Wind Turbines vs Solar Panels
Written by Michael Boxwell
I am often asked which is better - wind turbines, or solar modules. The answer, of course, is that it isn't as simple as stating which technology is better - both have their benefits and drawbacks and which technology is best depends very much on the application and the location of the system.
For large scale applications - such as for commercial scale power production for the national grid - wind turbines are the most obvious solution. Large scale wind turbines are efficient and effective, and can be installed in a variety of locations - including far out to sea - comparatively quickly. Unlike the early large turbines, modern turbines are virtually silent and the largest systems can generate in the region of 2 megawatts of power - enough to power over 2,000 homes.
On smaller scale systems, turbines can be a good alternative to solar power, but more often than not achieve their best when implemented together with a solar system: a small wind turbine can generate electricity in a breeze even when the sun is not shining, whilst the solar modules can generate electricity during the daytime when the wind is not blowing.
Small wind turbines do have disadvantages however, and are very site specific. Compared to large turbines used by the power companies, small wind turbines are not particularly efficient and need to be situated in an area of above average wind in order to generate reasonable amounts of power. They also require a very smooth airflow: the smaller turbines are very susceptible to turbulence - so if you live near to a busy road, or near trees, or in a built up area, a wind turbine is unlikely to work well for you.
Turbulent air - where the wind is constantly changing direction - leaves the turbines constantly changing direction, constantly chasing the wind rather than extracting power from it.
The UK DIY chain, B&Q, found this to their cost when they started selling their own 1kW turbine system in 2006. Eager customers lined up to buy the competitively priced systems only to find that they did not provide the power advertised. More often than not, the turbines were installed in inappropriate locations - on the sides of houses, in built up areas, and not high enough to catch the breeze. As a consequence, B&Q withdrew the turbines from sale in early 2009.
An example of a less-than-ideal turbine installation: here a turbine has been installed in a built up area, close to tall trees and too close to the roof of the house.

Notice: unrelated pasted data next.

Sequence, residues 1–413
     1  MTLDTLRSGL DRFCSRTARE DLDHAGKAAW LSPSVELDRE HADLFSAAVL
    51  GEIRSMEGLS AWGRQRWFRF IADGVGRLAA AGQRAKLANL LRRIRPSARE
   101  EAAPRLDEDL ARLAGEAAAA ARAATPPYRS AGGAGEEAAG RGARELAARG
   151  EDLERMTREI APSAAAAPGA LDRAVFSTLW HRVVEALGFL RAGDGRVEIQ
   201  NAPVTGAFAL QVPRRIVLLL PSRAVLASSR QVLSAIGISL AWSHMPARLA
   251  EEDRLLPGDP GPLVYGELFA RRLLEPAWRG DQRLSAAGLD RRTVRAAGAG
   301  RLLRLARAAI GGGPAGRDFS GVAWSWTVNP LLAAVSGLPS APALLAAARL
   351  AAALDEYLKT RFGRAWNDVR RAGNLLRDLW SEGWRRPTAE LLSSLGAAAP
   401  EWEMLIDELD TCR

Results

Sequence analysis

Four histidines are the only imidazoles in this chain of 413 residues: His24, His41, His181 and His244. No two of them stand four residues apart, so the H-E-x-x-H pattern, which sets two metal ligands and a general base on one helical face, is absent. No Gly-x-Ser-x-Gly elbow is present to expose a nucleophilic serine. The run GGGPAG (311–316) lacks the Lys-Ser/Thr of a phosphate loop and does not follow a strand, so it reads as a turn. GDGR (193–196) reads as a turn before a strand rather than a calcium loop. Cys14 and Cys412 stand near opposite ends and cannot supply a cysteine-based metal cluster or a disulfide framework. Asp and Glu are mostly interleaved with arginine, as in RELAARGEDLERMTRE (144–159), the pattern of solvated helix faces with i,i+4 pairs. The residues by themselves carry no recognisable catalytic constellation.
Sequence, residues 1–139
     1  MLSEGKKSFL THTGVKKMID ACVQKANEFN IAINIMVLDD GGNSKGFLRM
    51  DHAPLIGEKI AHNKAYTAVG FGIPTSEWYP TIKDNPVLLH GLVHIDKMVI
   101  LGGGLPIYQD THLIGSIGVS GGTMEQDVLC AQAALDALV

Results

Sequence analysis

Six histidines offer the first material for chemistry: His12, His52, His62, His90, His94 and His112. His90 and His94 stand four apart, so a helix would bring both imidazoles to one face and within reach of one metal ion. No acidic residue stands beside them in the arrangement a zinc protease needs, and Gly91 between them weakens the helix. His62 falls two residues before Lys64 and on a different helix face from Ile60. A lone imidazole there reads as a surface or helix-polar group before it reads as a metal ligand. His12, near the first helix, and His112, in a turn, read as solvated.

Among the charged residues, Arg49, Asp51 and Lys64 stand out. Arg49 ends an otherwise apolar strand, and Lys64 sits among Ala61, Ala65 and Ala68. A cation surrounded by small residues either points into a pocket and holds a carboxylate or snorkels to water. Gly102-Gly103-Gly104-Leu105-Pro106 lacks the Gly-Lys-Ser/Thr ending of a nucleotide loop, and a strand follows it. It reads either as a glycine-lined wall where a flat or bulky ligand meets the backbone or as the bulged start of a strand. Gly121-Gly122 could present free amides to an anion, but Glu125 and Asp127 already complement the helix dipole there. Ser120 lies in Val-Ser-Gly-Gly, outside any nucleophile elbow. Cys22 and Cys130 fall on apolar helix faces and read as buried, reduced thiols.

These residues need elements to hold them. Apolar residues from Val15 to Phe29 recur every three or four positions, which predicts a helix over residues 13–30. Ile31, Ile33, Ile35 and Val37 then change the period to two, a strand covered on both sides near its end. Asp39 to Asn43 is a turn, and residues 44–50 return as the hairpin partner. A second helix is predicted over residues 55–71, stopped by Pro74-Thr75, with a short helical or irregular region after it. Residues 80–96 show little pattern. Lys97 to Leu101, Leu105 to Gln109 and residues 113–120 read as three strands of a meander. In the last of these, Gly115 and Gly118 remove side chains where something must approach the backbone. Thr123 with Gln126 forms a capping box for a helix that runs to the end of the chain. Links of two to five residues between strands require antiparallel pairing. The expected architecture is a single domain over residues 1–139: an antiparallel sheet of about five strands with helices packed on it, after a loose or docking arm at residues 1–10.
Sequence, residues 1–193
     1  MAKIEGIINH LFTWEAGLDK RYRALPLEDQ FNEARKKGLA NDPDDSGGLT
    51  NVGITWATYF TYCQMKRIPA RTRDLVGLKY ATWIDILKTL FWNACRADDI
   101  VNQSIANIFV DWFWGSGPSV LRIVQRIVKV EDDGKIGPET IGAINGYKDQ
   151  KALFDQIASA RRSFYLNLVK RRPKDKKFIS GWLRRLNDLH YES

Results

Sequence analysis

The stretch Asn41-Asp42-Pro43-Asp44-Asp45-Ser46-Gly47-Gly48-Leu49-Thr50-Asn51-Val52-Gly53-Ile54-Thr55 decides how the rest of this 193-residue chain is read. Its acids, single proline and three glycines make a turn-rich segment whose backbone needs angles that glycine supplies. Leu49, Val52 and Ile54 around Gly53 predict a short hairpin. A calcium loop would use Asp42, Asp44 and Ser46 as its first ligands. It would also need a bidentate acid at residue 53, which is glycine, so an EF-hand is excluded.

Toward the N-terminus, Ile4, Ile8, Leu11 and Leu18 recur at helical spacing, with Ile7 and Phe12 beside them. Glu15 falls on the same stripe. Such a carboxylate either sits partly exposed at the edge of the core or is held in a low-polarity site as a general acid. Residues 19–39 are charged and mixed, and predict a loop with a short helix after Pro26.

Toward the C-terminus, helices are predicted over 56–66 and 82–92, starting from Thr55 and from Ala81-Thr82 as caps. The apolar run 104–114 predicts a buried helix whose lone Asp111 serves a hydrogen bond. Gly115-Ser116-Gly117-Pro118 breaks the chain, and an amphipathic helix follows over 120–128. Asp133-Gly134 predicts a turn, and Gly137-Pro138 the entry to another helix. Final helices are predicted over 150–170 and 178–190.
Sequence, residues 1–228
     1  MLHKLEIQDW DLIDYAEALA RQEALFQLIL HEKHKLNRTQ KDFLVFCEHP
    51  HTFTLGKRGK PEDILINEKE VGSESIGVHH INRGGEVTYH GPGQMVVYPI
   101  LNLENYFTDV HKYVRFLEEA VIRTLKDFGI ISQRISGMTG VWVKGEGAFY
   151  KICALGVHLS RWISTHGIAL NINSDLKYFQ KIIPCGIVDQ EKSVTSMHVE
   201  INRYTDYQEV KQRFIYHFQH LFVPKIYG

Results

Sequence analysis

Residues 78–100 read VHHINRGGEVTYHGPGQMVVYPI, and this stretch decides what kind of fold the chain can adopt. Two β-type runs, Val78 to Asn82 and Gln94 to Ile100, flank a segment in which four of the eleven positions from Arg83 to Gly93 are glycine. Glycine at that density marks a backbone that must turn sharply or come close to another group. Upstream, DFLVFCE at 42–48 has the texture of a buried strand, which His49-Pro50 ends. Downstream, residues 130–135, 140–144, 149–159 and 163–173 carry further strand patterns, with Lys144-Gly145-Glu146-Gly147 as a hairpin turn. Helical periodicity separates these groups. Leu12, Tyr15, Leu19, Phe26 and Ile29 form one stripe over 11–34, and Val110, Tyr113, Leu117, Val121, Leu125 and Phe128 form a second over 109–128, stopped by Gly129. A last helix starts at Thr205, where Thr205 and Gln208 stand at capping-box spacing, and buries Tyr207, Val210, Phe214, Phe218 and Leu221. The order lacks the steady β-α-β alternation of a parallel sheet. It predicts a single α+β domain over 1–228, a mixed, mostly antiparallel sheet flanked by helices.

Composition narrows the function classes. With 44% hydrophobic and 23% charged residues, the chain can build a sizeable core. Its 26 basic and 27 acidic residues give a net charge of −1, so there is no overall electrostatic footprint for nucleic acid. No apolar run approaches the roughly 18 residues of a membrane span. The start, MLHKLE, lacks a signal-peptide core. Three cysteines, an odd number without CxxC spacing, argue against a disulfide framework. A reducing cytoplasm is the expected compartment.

The turbine will be adversely affected from turbulance from the trees that are too close to the turbine and from up-winds from the roof. The problem is not with the wind turbine
itself, but the unsuitable location in which it has been installed.
Wind turbines work best near the coast, or in open exposed areas where average wind speeds are high. Ideally, turbines should be mounted high up - even small turbines are often mounted 8-10 meters high in order to get sufficient wind power - and away from buildings. Roof mounting a turbine is not ideal as the building itself generates turbulence, and the vibrations from a turbine being affected by turbulent air can be magnified through brick walls, creating a loud and annoying vibrating sound.
All this means substantial foundations and framework for a turbine which can add significant cost to a project. This height can also cause problems if you are planning to mount a system close to neighbouring properties.
If you are planning to install a small turbine in combination with a solar electric system, a smaller turbine that generates a few watts of power at lower wind speeds is usually better than a large turbine that generates lots of power at high wind speeds.
Small wind turbines can often be found on small leisure boats - the turbine maintains the batteries whilst the boats are not in use. Boat owners have mixed reports on their benefits: those who have the turbines mounted relatively low down on the boat find they do not perform well at all - especially in busy marinas where there are lots of boats around. Those who have the turbines mounted high up on a mast report much better performance from their wind turbines.
Vitally important when installing a turbine system is the site survey. Accurately measuring wind speeds at different locations throughout your site will ensure you get the optimum performance for your system. The best way to do this is using a professional wind power predictor tool that measures wind speed and turbulence and allows you to predict the amount of power you can generate using wind power.
A good example of a suitable tool is the Solar and Wind Power Predictor system available from Maplin Electronics: (http://www.maplin.co.uk/Module.aspx?ModuleNo=266979&C=AffilWin76253).
There are a number of wind turbine manufacturers around. Unfortunately, a lot of the cheaper turbines - such as the type found for sale on eBay - are quite often extremely heavy and have poor low-wind performance. The best turbines will typically start spinning in a 5km/h breeze and will start generating electricity at around 8km/h (5mph) whilst a lot of second-rate models won't start generating electricity until they get a 20km/h (12mph) wind. The additional weight of these cheap turbines mean you have to have significantly stronger mountings and the extra cost of this will often outweigh the cost savings made by buying a cheap turbine as opposed to a good one.
Wind turbines are an area where buying cheap is almost always a false economy. Buying a good make, such as Rutland, Wren or Coemi will save you money and ensure you have a reliable system in the long run.
Compared to solar, turbines are extremely location sensitive. Whereas most people can implement a small solar array in most locations and achieve success, the same cannot be said about turbines. Find the right site, and a turbine can be unbeatable. Find the wrong site, and they can be a complete waste of money and time.